Part 4, Phase 1-3 Training ACL Return to Sport Series

Updated: Jun 2, 2021

As we all [should] know, returning to any training program after a period of time off is not easy. Aside from the physical aspect, the psychological aspect of returning to a training program post catastrophic injury could become demoralizing for more people. People always wonder, "will I ever be the same again" or "am I ever going to be able to play the way I used to"? These questions affect an persons mentality, with any type of injury. Heck, I tore my medial gastroc once, and I remember asking myself, "damn, will I ever be able to run and jump like I used to"? Eventually, I was able to, however at the expense of a lesser ability (I was 30 and very far removed from any playing career anyway). Proper measures and approaches must be taken in order to bring the athlete as close to their former "one-hundred-percent-self" as possible.

The training program focuses on the basics. PERIOD. Nothing extremely fancy, no secret juice, no special stuff...BASICS. Relearning motor patterns is the key early in the program. I focus on a few things that might seem rare, or "physical therapyish" in the program, however it is all aimed at relearning some fine and gross motor patterns that eventually lead to painting the bigger picture.

Before we dive into the program, I want to address the overall goals of the program:

1) Asymmetries to work on

Postural control deficits

Knee flexor deficits

Excessive frontal plane knee mechanics

Hip rotational control deficits

2) Four predictive factors for secondary injury risk:

Uninvolved hip rotation net movement impulse during landing

Frontal-plane knee motion during landing

Sagittal-plane knee moment asymmetries at initial contact

Deficits in postural stability on the reconstructed limb


The GOALS for phase 1 & 2 are:

Achieve full ROM

Improved core

Proximal and distal joint endurance and strength

Postural stability

Pain-free uncompensated movement

Build symmetry


PHASE 1 - SPEED TRAINING

It is very obvious from a point of view outside of the data you've collected from the assessment that the athlete is not prepared to run at high velocities. The focus of the speed program in phase-1 speed training is aimed to teach:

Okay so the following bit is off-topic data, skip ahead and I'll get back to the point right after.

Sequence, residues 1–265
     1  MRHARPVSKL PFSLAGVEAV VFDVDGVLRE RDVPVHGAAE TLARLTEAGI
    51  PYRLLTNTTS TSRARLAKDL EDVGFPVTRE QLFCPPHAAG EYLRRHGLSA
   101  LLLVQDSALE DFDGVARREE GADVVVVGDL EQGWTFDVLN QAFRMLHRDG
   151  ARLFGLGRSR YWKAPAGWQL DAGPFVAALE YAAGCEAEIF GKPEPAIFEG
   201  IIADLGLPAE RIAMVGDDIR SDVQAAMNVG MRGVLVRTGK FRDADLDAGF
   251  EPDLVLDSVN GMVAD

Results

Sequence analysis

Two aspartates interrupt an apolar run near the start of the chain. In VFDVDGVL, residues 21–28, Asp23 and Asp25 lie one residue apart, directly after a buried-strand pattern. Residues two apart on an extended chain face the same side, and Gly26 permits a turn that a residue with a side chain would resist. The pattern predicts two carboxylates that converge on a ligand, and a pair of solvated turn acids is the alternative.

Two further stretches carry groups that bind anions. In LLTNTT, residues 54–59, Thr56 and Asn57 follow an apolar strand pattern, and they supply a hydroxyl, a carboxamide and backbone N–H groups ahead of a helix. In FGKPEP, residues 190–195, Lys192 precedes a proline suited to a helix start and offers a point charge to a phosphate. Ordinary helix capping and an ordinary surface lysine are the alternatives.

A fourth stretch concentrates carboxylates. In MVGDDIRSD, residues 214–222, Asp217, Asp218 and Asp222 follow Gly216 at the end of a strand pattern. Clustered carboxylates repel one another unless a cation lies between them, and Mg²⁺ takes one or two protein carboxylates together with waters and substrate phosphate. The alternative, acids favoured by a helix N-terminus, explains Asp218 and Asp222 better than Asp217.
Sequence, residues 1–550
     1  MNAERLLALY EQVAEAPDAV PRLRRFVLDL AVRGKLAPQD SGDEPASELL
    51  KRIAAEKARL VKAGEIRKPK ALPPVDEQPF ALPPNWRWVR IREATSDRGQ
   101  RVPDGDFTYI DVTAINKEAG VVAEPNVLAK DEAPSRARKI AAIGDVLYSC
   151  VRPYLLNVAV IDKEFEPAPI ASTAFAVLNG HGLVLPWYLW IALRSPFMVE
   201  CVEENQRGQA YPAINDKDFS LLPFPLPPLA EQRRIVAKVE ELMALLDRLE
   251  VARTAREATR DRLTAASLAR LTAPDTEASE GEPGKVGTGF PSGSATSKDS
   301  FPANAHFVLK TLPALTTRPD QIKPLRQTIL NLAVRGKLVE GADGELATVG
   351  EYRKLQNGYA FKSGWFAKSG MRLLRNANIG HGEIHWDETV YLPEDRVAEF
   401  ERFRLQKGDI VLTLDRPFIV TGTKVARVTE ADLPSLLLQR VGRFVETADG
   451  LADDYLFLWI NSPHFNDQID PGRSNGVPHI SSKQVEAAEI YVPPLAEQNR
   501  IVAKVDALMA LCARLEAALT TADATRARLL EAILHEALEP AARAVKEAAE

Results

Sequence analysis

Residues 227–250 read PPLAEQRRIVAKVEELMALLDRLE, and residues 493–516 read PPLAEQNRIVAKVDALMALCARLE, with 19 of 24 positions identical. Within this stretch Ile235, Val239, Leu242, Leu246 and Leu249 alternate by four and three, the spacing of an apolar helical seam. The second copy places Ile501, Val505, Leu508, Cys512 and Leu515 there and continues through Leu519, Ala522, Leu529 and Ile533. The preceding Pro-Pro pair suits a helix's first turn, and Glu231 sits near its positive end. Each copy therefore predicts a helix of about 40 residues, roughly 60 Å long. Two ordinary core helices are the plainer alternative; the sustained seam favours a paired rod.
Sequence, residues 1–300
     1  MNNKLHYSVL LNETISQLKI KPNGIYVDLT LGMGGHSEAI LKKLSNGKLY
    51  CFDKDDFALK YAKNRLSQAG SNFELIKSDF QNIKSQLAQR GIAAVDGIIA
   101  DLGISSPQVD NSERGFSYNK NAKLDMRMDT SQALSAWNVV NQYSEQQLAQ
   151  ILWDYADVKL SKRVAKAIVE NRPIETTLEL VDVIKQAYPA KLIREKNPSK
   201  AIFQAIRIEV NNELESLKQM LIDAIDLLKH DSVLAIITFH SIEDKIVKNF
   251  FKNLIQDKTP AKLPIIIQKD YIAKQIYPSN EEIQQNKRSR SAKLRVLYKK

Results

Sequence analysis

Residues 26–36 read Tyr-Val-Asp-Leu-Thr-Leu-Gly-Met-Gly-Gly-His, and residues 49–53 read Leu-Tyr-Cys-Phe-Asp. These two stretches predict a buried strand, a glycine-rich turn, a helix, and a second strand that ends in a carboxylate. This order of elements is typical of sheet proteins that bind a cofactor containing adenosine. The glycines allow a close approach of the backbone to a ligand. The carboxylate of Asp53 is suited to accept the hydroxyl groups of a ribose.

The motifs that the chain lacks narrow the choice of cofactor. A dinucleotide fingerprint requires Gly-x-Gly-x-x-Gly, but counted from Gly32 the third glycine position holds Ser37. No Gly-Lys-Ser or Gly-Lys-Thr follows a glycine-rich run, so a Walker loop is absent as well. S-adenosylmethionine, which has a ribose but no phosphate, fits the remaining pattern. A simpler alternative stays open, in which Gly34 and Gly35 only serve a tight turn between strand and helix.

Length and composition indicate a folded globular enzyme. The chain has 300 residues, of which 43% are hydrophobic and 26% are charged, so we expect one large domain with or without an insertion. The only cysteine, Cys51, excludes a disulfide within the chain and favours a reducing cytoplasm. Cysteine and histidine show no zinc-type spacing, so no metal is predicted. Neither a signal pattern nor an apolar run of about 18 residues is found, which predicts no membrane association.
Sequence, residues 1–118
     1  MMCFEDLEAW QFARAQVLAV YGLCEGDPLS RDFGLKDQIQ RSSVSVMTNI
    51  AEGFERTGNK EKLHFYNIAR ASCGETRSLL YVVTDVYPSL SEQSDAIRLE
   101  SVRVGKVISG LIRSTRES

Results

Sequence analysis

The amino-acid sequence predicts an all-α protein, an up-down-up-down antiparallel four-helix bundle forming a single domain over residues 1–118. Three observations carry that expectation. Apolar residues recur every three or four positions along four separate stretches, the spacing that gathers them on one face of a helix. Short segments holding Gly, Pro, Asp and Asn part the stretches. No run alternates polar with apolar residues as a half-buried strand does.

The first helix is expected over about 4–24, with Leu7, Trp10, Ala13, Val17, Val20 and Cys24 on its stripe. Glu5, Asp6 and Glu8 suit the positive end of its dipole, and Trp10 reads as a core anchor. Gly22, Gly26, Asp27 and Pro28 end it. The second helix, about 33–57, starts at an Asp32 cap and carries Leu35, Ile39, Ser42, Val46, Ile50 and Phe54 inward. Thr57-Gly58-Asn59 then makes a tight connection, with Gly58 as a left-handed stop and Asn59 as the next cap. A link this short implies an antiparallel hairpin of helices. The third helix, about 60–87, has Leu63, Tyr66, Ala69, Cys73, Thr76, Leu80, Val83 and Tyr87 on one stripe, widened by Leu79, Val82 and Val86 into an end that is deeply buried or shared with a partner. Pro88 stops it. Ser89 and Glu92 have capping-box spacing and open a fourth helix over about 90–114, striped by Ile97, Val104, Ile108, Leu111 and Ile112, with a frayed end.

1) acceleration angles

2) foot striking

3) knee drive

4) deceleration


Everything is basically done in a marching-fashion, with very ample amounts of short distance runs (5-10 yards). Some people might not want to teach deceleration this early, however I find it to be extremely important to being this early in training because it allows the athlete to begin to understand force absorption. Everyone teaches landing mechanics prior to any extreme jumping right? So why should deceleration be any different. Again all these focal points are aimed to help the athlete relearn important motor patterns needed to mitigate the occurrence of a re-injury. Teaching the athlete how to understand proper angles, foot striking patterns, and proper knee drive is paramount at this stage of training. Focus on QUALITY. It will be stressful at first, but the outcome will be worth the early headaches.


PHASE 1 - CHANGE OF DIRECTION / JUMP TRAINING

Frontal plane mechanics will be somewhat of an issue here, however this is the time to fix it. I use an identical approach to speed training, slow -- one step at a time, literally. My focal points to the change of direction and jumping program are:


Change of Direction

1) center of gravity positioning

2) weight distribution

3) base of support

4) deceleration


Landing Mechanics

1) force absorption

2) hip positioning

3) torso angle

3) base of support